The rising tide of obesity, the over-reliance on hospitals and the adult social care funding shortfall have left the National Health Service in a state of “crisis”, according to a new House of Lords report.
The report by the Long-term Sustainability of the NHS Committee calls the NHS the country’s “national religion” and “an iconic part of Britain's social fabric”, but argues it is not sustainable in its current form.
It calls for a new campaign to highlight the obesity “epidemic” and urges ministers to look into the possibility of an insurance scheme to enable people to prepare for their care needs in older age.
It says the health service should remain free at the point of use, which would require “a shift in government priorities or increases in taxation”.
The report, written by a House of Lords Select Committee that looked specifically at the question of the long-term sustainability of the NHS, criticises the “short-sightedness” of successive governments to plan ahead.
It argues for the creation of an office for health and care sustainability to look 15 to 20 years ahead to “counter the endemic NHS disease of short-termism”.
Peers say preventable health problems, particularly obesity, are putting a “significant burden” on the system. The report also drew attention to the funding crisis in adult social care, which it described as "on the brink of collapse".
“The funding crisis in adult social care is worsening to the point of imminent breakdown,” the report says.
“Pressures in social care are the greatest external threat to the long-term sustainability of the NHS.”
Social care is currently funded directly by local authorities, separately from the NHS. The report suggests the Department of Health should fund this centrally, and be renamed the Department of Health and Care.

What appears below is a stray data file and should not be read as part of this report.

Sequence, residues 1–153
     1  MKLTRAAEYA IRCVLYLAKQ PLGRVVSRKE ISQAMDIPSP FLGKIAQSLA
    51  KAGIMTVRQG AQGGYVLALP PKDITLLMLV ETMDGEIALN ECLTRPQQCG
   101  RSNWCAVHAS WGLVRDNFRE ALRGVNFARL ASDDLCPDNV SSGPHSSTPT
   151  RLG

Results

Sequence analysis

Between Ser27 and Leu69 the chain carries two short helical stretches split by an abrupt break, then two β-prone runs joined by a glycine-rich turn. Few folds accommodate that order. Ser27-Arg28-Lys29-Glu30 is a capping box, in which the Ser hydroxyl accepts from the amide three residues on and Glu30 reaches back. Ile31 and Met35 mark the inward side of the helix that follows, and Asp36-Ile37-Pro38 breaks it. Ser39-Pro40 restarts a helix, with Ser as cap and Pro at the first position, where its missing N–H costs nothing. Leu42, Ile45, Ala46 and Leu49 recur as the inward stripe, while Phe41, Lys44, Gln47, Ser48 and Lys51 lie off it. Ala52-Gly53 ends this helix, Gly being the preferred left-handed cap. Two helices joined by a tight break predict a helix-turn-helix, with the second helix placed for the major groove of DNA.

It suggest a social care insurance system could replicate similar schemes in Japan and Germany, both of which involve compulsory long-term care insurance schemes shared between an employer and employee, like the workplace pension scheme.
The committee’s chair, cross-bench peer Lord Patel, said: “The Department of Health at both the political and official level is failing to think beyond the next few years.
“There is a shocking lack of long-term strategic planning in the NHS.
“This short-sightedness stems from the political importance of the NHS and the temptation for politicians to reach for short-term fixes, not long-term solutions.”
A Department of Health spokesman said: “We are totally committed to an NHS, free at the point of use, providing world-class care – and we agree that means taking decisions to ensure the sustainability of the service in future.
“That's why we are already expanding the number of medical training places by 25 per cent to ensure we have all the doctors we need, investing in social care and working on a long-term funding solution in a green paper, and putting £325m into local transformation plans to improve services, with more to follow in the autumn.”
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